The output of linear equalization processor 321, XLE(f), is converted into the time domain samples by inverse fast Fourier transform (IFFT) block 41. The resulting time domain samples are sliced by slicer 51, resulting in a detected signal comprising tentative decisions as to the transmitted symbols. In alternative embodiments of the invention, one might think about supplanting the functions of slicer 51 (and slicer 52 discussed below) with a structure that utilizes so-called soft decisions such as would be provided by a Viterbi decoder.

The tentative decisions are thereupon subjected to decision feedback equalization in order to remove at least a portion of the residual ISI. In accordance with the principles of the invention, that decision feedback equalization is performed in the frequency domain. To that end, blocks of N symbol decisions output from slicer 51 are applied to FFT processor 42 so as to provide a frequency domain representation {circumflex over (X)}LE(f) of the linear-equalized and detected input signal block. Frequency domain processor 30 includes decision-feedback equalizer 322 which, like linear equalization processor 321, multiplies each frequency domain sample by a respective coefficient. The ensemble of such coefficients defines decision-feedback equalizer 322's response, which is such as to provide to one input of combiner 323 a frequency domain representation ISI(f) of the ISI in the output of the channel-matched filter. The specific processing carried out in order to develop the response of decision-feedback equalizer 322 is illustratively implemented in accordance with Eq. 17 below.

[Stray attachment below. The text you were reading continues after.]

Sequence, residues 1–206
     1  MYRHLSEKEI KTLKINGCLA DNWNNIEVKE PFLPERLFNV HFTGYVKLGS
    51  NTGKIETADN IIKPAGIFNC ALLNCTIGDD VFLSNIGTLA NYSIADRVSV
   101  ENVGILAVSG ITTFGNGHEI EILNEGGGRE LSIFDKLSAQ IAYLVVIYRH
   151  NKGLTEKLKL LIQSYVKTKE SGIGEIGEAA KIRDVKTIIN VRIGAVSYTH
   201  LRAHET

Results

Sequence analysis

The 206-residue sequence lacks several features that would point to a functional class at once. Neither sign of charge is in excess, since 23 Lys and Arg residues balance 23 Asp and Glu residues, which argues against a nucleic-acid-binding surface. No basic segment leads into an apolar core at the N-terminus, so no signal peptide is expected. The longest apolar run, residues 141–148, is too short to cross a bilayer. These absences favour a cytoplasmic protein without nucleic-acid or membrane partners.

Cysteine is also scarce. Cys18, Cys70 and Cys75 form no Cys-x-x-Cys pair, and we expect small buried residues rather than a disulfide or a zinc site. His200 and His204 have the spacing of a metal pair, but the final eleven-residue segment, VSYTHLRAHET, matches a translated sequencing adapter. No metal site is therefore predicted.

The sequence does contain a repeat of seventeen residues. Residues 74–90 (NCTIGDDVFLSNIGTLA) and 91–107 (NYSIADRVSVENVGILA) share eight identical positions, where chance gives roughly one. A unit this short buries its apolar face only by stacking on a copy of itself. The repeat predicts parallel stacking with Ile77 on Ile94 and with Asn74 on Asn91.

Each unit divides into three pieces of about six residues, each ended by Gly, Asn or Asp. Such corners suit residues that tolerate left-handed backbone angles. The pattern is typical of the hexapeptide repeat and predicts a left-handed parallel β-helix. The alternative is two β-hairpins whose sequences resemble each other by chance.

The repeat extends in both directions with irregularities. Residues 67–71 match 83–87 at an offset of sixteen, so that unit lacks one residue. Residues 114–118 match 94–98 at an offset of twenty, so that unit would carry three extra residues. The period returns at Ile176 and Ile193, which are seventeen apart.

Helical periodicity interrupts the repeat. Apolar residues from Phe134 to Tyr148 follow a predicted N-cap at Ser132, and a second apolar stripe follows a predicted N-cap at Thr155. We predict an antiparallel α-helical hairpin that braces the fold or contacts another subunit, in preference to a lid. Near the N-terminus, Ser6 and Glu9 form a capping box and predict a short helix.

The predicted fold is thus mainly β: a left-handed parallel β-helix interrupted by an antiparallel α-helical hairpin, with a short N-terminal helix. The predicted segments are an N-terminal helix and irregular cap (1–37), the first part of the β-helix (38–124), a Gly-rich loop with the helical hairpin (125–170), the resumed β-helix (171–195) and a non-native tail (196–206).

The other input of combiner 323 is the output signal of channel-matched filter 301, thereby providing at the output of combiner 323 a frequency-domain representation XDFE(f) of the input signal block rk but with a significant amount of the ISI now having been removed. IFFT processor 43 converts the combiner output back into the time domain. The resulting time domain samples are sliced by slicer 52, resulting in a signal comprising estimates of the transmitted symbols that, in general, will have fewer errors than the tentative decisions provided by slicer 51.

The symbol estimates generated by slicer 52 are applied to receiver back-end 60 which performs such functions as source decoding, descrambling, if necessary, and other functions required to recover the data bits represented by the transmitted symbols.